Going fully remote was challenging and difficult for the whole HR team. We had multiple priorities, and no one to focus solely on onboarding and make sure the program is inclusive, informative, and is able to embed newcomers to our people’s culture. At that point, we didn’t even know what remote work would look like. […]
Going fully remote was challenging and difficult for the whole HR team. We had multiple priorities, and no one to focus solely on onboarding and make sure the program is inclusive, informative, and is able to embed newcomers to our people’s culture. At that point, we didn’t even know what remote work would look like.
In the midst of it all, here’s how our onboarding unfolded in the first few weeks of the pandemic:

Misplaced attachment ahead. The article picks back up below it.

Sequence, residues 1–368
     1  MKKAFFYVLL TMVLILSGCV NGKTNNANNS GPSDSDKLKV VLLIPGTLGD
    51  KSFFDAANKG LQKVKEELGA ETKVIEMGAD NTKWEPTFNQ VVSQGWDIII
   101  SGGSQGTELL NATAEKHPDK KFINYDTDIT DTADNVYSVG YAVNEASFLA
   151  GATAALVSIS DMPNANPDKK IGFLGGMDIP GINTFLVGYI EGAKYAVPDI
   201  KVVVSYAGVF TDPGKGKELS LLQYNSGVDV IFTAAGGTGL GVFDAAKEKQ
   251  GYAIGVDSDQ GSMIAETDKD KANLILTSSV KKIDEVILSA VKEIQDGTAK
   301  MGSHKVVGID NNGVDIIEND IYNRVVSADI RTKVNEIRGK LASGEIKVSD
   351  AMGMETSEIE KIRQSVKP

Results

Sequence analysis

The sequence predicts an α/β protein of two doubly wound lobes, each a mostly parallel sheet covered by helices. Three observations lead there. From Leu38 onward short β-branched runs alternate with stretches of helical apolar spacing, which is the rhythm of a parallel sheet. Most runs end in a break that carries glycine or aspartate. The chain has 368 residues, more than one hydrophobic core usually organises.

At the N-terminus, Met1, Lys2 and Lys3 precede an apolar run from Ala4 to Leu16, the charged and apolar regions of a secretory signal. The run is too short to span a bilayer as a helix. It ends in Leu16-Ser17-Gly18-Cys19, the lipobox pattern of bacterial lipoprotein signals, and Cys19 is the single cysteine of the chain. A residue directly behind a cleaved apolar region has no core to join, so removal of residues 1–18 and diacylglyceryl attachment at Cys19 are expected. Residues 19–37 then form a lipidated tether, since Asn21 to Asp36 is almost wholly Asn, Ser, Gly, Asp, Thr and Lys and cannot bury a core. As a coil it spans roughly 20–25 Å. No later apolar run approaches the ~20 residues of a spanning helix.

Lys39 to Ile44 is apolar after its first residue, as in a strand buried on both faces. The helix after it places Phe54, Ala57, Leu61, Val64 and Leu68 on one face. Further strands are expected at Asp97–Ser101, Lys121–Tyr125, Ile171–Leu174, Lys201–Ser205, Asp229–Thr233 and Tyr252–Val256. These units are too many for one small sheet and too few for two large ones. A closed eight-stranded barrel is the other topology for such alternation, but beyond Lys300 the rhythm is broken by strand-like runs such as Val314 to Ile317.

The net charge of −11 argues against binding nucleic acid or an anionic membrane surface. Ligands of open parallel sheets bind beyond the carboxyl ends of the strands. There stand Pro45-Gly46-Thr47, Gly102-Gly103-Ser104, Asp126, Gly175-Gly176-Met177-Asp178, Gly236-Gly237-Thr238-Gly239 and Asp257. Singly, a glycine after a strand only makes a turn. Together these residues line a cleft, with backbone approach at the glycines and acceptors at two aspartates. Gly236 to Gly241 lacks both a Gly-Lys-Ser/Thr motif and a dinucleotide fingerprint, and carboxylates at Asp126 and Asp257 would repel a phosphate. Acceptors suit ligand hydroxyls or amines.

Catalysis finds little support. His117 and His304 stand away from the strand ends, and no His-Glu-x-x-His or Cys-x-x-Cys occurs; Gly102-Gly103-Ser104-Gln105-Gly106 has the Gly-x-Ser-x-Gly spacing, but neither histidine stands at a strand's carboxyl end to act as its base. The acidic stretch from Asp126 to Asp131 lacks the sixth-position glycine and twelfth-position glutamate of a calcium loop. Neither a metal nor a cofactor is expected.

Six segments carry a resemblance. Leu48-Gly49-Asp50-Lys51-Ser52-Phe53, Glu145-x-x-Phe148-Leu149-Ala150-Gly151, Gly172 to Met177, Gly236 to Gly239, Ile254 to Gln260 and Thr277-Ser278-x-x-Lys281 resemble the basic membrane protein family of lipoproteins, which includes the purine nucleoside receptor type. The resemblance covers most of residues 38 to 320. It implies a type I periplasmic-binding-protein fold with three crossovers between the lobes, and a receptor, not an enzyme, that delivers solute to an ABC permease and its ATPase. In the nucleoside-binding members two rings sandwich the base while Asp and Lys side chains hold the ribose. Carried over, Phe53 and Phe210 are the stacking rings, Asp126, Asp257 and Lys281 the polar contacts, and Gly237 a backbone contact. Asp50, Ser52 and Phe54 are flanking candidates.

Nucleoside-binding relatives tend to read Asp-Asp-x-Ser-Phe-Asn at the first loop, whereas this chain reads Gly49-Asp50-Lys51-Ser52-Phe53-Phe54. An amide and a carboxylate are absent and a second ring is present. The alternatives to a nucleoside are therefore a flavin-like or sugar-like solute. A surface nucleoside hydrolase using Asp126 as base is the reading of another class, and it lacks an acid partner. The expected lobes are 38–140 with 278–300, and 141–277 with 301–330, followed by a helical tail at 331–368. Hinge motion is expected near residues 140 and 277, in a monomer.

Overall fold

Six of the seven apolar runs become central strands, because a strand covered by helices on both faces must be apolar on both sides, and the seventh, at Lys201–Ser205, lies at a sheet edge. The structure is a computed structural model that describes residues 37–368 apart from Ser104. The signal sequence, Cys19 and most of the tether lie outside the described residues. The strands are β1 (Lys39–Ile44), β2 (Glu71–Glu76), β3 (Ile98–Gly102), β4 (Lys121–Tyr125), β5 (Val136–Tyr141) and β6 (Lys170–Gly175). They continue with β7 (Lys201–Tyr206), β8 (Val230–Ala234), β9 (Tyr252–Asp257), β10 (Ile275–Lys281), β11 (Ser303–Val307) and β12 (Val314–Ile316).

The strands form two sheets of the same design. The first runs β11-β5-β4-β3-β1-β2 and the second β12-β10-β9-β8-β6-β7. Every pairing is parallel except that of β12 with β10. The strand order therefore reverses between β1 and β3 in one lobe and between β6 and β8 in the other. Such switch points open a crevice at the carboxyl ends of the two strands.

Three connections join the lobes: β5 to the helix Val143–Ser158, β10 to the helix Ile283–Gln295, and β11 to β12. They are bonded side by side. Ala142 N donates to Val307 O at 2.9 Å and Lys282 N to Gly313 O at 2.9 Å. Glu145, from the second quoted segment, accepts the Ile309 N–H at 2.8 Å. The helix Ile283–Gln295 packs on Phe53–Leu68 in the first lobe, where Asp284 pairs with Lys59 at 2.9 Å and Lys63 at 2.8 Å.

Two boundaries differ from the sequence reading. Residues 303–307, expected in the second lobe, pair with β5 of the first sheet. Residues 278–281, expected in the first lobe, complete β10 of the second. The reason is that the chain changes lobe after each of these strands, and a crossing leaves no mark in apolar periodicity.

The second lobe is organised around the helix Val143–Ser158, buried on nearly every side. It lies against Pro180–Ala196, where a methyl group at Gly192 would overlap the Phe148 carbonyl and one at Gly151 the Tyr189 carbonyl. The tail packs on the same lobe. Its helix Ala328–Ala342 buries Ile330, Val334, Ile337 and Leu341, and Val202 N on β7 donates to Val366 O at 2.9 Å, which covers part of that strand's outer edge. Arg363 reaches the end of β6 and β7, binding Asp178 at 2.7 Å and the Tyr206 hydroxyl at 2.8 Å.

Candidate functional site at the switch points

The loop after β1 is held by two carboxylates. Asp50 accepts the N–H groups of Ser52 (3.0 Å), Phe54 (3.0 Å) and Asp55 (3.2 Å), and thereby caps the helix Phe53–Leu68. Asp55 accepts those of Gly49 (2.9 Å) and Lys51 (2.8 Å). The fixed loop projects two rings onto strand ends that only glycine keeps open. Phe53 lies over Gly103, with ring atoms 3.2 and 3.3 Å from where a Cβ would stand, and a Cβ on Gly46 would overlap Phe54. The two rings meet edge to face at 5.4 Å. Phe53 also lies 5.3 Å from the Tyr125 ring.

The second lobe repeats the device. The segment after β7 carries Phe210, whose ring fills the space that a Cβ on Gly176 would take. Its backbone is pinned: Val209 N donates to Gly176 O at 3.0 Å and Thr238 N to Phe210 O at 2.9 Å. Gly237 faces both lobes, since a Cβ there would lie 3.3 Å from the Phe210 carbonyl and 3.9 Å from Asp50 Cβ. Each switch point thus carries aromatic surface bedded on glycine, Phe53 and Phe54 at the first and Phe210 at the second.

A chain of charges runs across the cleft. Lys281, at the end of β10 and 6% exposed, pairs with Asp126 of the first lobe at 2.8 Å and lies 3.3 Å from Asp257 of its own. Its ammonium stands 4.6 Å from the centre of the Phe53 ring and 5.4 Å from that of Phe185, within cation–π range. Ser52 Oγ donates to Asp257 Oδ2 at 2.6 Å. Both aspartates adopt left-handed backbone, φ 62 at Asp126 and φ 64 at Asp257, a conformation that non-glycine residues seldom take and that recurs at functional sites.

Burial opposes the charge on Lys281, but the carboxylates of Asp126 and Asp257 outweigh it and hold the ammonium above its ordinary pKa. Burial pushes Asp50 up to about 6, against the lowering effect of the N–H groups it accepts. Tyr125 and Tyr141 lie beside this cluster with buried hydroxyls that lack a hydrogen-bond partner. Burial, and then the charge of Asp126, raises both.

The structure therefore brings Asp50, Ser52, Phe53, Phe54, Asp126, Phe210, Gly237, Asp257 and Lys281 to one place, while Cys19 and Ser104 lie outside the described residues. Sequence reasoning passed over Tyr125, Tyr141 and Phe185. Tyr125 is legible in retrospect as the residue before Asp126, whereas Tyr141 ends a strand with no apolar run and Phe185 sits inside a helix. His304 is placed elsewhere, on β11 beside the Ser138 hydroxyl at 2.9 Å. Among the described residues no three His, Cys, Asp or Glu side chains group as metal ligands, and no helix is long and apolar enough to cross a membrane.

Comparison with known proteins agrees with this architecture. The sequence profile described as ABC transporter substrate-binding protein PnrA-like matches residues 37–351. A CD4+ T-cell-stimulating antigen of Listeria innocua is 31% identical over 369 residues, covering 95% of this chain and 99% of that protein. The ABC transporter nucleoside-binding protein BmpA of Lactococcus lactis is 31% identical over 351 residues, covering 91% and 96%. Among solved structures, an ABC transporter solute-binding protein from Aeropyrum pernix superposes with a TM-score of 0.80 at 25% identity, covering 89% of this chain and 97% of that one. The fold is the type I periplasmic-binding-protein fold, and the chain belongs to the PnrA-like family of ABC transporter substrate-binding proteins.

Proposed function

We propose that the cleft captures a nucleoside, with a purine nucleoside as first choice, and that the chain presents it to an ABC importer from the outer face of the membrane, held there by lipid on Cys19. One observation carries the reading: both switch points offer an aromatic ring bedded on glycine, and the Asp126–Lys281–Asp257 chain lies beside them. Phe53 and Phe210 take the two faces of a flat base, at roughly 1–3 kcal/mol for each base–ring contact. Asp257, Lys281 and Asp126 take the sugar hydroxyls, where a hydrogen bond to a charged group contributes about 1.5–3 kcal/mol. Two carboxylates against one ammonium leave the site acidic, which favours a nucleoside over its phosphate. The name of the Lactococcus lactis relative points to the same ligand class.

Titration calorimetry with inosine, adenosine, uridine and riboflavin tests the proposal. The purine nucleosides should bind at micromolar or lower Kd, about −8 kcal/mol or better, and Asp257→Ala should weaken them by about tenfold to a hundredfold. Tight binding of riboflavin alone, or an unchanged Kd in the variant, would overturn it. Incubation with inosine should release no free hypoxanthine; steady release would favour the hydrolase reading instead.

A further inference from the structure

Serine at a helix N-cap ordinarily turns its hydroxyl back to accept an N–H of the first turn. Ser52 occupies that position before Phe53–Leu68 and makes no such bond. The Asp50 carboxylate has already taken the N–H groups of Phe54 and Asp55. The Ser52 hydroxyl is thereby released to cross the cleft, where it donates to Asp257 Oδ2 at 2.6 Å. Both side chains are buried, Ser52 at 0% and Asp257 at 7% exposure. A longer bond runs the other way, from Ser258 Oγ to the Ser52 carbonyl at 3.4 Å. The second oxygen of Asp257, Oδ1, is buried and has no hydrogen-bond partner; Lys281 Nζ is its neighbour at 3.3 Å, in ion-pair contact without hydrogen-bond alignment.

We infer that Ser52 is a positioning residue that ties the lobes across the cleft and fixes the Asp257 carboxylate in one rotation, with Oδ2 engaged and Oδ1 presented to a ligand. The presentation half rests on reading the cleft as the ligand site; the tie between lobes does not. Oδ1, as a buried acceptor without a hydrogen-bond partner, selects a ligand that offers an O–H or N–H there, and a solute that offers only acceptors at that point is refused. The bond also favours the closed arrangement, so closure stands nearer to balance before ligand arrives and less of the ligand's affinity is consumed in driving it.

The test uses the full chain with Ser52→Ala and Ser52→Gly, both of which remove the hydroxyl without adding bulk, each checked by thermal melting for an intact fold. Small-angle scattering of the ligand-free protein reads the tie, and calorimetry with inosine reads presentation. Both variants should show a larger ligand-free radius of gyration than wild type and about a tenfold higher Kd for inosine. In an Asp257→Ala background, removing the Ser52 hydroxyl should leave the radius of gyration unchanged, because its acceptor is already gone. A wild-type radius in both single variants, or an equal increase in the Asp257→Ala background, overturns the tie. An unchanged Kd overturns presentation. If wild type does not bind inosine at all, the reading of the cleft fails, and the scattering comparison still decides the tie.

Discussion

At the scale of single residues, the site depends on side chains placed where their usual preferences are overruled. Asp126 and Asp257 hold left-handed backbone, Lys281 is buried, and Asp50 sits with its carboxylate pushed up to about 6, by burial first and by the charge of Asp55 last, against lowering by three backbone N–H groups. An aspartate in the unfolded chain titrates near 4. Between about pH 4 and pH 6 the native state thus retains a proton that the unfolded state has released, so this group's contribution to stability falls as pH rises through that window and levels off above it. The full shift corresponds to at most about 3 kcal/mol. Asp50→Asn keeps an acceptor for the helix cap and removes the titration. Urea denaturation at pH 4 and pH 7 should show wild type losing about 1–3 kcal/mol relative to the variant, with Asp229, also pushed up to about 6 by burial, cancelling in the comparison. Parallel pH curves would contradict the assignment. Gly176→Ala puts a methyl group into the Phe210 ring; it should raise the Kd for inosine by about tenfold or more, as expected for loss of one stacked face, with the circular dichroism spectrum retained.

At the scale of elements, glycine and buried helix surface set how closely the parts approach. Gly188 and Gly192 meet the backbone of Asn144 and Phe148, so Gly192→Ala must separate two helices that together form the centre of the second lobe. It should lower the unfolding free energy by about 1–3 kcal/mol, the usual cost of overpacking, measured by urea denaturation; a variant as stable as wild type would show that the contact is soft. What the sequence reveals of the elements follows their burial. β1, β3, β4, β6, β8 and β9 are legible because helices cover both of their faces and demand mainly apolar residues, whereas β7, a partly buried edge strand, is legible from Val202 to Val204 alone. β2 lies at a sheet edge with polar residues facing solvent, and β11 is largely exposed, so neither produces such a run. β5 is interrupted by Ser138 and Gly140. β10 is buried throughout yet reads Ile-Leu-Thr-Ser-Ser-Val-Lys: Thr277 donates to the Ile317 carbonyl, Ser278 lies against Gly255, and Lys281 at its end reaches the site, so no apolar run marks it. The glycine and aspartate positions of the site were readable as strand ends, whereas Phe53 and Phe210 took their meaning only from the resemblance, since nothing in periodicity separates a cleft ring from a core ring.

- Pre-boarding. Our remote onboarding program started with your laptop being delivered to your doorstep. With offices fully closed, the best solution was to trust the IT team to ship computers to newcomers directly. Besides the laptop delivery, there was little interaction with a newcomer in the pre-boarding phase, which again was something we identified as an area of improvement for later on.
- Monday morning came, and the newcomer was greeted by a friendly IT Engineer who helped with the laptop set-up, and explained some of the most important security measures. This was followed by an HR onboarding session, where the HR coordinator explained our most important policies, employee benefits, and shared the links to our company handbook and other important tools. Additionally, newcomers also received several tasks in our HRIS to fill in.
- At the end of these two sessions (IT & HR), the newcomer was left in the hands of their direct manager.
This needed to change